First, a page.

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Cold delights

Manjula Padmanabhan | Updated on December 28, 2018 Published on December 28, 2018

One of the familiar refrains I hear from friends whenever I leave the US for India in wintertime is, “Oh, you’re going towards warmer weather! Lucky you.” Well yes, of course it’s warmer in terms of the thermometer in Delhi than it is in Elsewhere. BUT — and this is a big “but” — the interiors of homes are not usually heated. So, even though the mercury never dips below zero, we all tend to feel the cold more sharply.

Not content with shivering in the glorious capital city, Bins and I increase our appreciation of central heating by going North, to spend the New Year gazing at the snow peaks of Nanda Devi and Trishul. We stay with our friend, who lives all year round on her beautiful hillside estate in Sitla. We arrived on Monday, to a gloriously blue sky and the peaks sparkling in clear view, the range filling close to a 180°-arc of the horizon.

It always takes a while for my body to register the cold. By evening, I’m wearing multiple layers — long johns, light-t shirt, turtleneck, Fabindia leggings, socks and a chunky cardigan. My hands and feet are blocks of ice. Bins, of course, is impervious to cold weather. “Tropical weakling,” he scoffs, wearing nothing more than a t-shirt, jeans and fleece jacket.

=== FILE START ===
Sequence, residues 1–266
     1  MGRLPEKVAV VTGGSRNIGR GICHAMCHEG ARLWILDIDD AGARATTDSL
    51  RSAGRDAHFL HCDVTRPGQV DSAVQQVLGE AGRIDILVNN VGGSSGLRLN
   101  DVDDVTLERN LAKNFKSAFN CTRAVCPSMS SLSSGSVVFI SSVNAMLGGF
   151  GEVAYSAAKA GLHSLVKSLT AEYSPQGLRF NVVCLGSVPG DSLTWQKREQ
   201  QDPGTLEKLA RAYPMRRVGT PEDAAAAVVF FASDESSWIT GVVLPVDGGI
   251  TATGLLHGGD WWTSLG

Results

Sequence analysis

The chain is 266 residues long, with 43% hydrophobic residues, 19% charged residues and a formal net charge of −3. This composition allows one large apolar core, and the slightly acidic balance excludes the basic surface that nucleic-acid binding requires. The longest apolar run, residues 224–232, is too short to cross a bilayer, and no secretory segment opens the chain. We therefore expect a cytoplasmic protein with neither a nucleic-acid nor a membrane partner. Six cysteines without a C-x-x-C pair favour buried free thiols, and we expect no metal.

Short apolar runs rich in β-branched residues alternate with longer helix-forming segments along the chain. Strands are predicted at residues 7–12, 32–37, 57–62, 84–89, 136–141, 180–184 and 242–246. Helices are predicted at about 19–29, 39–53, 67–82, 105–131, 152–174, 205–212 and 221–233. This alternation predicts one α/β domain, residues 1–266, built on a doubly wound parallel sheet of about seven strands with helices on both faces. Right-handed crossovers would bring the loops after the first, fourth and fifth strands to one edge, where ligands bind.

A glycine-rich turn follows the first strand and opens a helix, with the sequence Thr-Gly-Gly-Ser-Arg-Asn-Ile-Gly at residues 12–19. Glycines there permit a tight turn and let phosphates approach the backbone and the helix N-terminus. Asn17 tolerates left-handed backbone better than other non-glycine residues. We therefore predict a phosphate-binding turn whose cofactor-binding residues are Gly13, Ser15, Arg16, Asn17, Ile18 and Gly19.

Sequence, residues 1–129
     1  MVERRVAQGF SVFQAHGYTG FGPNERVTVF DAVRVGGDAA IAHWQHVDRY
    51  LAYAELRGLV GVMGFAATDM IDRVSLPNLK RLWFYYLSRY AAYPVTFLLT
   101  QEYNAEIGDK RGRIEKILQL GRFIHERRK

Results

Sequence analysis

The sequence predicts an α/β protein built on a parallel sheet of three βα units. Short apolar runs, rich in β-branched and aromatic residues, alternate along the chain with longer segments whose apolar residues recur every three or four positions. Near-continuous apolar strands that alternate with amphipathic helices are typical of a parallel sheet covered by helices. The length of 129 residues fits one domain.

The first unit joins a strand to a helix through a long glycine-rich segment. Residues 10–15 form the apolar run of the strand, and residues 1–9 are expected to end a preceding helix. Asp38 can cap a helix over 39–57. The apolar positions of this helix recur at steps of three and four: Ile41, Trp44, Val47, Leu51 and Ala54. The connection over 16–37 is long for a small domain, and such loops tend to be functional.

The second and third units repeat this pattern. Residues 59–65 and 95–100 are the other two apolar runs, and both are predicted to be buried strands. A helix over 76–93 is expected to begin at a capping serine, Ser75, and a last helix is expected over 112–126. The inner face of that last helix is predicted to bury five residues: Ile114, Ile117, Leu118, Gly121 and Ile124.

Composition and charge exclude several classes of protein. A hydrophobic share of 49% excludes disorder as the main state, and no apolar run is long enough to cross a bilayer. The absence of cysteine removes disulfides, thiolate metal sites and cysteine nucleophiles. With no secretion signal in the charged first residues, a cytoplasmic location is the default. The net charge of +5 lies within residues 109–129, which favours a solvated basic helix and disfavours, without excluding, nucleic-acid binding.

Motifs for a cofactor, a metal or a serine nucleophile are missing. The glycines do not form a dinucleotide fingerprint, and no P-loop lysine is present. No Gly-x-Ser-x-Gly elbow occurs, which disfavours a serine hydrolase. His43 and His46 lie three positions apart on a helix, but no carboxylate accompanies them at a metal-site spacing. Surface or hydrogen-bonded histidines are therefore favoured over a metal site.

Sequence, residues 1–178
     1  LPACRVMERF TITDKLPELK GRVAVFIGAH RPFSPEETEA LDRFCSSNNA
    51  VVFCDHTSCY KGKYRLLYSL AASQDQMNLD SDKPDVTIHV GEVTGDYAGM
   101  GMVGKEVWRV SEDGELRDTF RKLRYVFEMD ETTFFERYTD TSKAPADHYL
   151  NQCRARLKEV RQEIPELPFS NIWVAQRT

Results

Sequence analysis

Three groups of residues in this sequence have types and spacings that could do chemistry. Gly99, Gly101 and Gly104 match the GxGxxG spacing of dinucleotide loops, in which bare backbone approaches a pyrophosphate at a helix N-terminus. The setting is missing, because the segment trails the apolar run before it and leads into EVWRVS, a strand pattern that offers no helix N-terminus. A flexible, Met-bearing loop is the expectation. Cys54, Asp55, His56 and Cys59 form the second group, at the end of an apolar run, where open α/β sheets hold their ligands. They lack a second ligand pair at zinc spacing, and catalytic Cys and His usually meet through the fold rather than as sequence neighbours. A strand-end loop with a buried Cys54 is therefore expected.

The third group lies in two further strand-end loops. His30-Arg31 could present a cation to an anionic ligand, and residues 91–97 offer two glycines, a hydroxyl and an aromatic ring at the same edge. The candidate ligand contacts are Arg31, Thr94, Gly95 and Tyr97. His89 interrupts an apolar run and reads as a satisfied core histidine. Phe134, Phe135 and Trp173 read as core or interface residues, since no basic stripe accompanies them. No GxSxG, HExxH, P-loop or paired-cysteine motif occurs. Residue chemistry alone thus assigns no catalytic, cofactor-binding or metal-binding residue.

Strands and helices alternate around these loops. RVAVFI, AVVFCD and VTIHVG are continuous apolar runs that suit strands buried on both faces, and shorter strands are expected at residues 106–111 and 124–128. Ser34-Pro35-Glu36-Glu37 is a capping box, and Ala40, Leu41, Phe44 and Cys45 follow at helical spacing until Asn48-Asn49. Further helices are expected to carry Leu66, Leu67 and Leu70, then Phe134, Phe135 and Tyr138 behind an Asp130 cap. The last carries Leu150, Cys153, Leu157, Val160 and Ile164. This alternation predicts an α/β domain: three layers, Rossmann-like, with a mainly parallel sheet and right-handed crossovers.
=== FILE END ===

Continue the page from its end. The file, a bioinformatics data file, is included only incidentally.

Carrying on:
On Christmas Day, we go to the home of a friend who lays out a formal Christmas feast: Turkey, ham, stuffing, gravy-sauce, quiche, roasted potatoes, two salads, peas, the works. It’s rounded off with the traditional plum pudding, flickering with blue flames and served with big dollops of yummy brandy butter. There are at least 15 others, plus three children. We eat outdoors. The food and sunshine warm me up. The moment we step indoors, I freeze up. Bins tells me I’m like those marine lizards on the Galápagos Islands. “They’re cold blooded, just like you,” he says. “If they stay out too long after sunset, they get stuck. Can’t move.” “What happens?” I ask. “They die out on the rocks,” he says, cheerily.

Having a shower is an ordeal. The water is scalding hot, but it takes several minutes to adjust cold and hot. During those minutes I am alternately shivering and being parboiled. I stand on tiptoe, reminding myself of my good fortune, to have any water at all, never mind hot water, in this world where all vital resources are scarce. As soon as I’ve towelled dry, my clothes feel like they’ve been carved from ice.

At night, there’s a crackling fire and the cosy TV room in which to stay warm, while we weep over various on-screen tragedies. Then I sprint back up to the room, where I change into pyjamas at lightning speed in order to jump into the bed with the world’s best invention: An electric blanket. It’s like diving into a warm, snuggly cave. “I’m a hibernating bear,” I want to tell Bins, “not a lizard!” But he’s already snoring, in his own warm cave.

Manjula Padmanabhan, author and artist, writes of her life in the fictional town of Elsewhere, US, in this weekly column

 

Published on December 28, 2018
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